Glorification of the Individual Renaissance Art
by Annie Saxena on Feb 09, 2023
Visual art was popular in Renaissance Italy because it was seen as a medium of communication with social, spiritual and political values. According to historians, art between 1350 and 1550 was transformed through a return to nature, or what is known as ‘Humanism.’
Humanism as a cultural movement had a great impact in creating interest in art, architecture and music. The aim of humanism was to perfect all forms of art and scholarship. The emancipation of man and the focus on dignity of men created an atmosphere of intellectual freedom and individual expression. The recovery of secular philosophy not only led to individualism but promoted new trends and styles in the sphere of art. The architects, sculptors and painters broke away from the Byzantine Gothic patterns and indulged in a sweeping and independent expression.
Art in this period was scientifically and critically analyzed. The new ideas were particularly understood and appreciated by the educated humanists and the elite of the city-states. Different disciplines such as the ‘universal man’ of humanist’s philology, technique of art and scientific theory, anatomy, the use of geometry to express a sense of proportion became the hallmark of the Renaissance period.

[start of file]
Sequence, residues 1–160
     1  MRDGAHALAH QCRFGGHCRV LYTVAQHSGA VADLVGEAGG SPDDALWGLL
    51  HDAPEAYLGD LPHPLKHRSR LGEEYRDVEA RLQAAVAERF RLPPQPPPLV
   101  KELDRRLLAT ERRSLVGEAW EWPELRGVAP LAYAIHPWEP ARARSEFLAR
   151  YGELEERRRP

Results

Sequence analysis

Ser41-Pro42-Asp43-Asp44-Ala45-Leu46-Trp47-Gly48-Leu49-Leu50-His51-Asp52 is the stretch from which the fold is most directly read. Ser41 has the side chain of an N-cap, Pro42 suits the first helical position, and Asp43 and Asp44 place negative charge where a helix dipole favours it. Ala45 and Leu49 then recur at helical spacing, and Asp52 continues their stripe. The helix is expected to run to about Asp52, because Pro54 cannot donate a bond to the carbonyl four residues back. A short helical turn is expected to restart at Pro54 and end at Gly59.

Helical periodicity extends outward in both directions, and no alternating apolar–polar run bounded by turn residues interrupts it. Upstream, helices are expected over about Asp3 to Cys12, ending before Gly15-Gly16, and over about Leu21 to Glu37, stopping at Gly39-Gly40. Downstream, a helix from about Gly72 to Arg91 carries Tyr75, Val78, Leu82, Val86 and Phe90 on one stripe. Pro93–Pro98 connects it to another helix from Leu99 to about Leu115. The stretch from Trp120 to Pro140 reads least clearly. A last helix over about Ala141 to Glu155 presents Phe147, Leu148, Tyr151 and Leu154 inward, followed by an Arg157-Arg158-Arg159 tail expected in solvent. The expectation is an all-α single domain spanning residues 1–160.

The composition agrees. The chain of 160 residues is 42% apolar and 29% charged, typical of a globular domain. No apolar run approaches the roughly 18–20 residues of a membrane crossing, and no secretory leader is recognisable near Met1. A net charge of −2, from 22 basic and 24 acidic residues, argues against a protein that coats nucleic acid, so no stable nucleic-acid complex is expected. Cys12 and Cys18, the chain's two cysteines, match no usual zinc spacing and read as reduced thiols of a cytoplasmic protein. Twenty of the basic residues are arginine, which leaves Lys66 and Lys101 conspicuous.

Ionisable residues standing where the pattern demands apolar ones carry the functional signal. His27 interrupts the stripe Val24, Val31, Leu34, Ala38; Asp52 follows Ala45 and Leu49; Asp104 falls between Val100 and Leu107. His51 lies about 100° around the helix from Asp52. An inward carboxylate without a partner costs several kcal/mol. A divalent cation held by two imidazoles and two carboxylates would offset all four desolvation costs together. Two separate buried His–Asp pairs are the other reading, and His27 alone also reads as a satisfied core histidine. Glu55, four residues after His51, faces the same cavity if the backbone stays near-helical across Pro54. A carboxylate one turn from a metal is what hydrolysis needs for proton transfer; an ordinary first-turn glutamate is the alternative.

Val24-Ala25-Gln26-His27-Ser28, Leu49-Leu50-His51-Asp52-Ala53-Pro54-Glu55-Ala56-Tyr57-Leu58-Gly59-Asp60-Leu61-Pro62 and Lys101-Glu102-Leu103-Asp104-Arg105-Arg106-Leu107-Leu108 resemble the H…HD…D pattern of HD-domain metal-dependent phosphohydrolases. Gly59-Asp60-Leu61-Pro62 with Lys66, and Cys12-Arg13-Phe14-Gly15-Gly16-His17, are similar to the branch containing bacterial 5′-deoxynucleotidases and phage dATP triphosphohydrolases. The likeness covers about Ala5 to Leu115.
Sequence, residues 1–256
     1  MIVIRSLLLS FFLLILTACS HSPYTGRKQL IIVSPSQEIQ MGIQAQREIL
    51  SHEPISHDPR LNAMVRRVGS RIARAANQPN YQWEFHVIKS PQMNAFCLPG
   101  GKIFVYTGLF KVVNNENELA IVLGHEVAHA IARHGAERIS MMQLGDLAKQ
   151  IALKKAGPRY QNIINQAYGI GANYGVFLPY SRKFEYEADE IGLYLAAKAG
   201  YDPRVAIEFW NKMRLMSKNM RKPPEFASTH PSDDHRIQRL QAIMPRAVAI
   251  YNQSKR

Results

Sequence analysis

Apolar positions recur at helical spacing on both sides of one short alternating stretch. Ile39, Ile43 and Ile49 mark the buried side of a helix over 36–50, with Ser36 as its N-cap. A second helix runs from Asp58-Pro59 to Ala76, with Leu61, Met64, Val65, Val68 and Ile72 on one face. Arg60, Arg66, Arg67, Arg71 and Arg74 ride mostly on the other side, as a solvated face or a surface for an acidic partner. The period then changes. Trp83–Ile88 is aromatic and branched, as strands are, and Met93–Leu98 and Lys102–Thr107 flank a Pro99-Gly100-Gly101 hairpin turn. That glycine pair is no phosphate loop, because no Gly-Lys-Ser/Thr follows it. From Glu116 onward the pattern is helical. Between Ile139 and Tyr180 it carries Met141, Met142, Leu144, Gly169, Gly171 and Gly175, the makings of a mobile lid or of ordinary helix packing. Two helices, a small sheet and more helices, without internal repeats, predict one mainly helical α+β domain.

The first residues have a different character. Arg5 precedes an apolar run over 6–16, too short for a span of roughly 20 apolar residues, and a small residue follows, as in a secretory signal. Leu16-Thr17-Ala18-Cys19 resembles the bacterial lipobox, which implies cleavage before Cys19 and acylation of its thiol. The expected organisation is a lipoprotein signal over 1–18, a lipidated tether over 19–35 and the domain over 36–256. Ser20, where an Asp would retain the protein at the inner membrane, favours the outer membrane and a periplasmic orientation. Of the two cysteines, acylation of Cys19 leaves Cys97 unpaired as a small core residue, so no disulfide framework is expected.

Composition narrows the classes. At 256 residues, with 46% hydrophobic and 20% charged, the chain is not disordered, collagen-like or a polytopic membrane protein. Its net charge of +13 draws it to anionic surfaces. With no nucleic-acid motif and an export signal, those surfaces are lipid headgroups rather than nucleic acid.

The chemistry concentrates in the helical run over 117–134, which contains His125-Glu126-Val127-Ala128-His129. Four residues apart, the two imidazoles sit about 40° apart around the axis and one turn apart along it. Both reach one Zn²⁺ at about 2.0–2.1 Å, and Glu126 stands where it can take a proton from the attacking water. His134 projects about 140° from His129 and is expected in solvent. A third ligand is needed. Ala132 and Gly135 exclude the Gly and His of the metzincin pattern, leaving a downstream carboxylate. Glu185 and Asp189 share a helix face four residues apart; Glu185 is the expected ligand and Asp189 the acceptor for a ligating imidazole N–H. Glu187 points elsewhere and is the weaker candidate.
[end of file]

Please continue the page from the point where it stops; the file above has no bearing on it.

Leonardo da Vinci is regarded as the most versatile genius who personified in himself the diverse qualities of a painter, architect, engineer, musician, mathematician and hydraulic. His work was based on an intensive study of human anatomy and large scale experiments that included dissection of the human body.
His love for nature was close to worship. Among his masterpieces were the Virgin of the Rocks, the Last Supper and Mona Lisa. His creations depicted extraordinary skill and his understanding of science and geometry. In The Last Supper, the painting concerning the betrayal of Jesus Christ, every character reveals an individual ambition. The treatment of main and secondary characters, the sense of composition and the use of light and shade are the hallmarks of Da Vinci’s art.
Another great figure was Michelangelo. He too was a multifaceted genius – a painter, sculptor, architect and poet. Michelangelo beautifully expressed the humanist fascination for man’s potential. He depicted human figures, particularly the male as strong and powerful. His greatest achievement was the painting of the ceiling of the Sistine Chapel. It depicted a scene from the Book of Genesis, presenting a concentration of paintings at a single location. While maintaining his commitment to the Greek style, he retained the principles of harmony, solidarity and dignity. His famous art piece in the form of the Last Judgment was a fresco on the altar wall of the Sistine Chapel.
These great masters represented concrete achievements through the discovery of scientific perspective and the knowledge of anatomy to create beautiful human forms. One of the most notable feats was the creation of nude human forms because humanists considered man to be the greatest and most beautiful creation of God. And it was this belief of theirs that laid the groundwork for centuries of artists to express their individuality.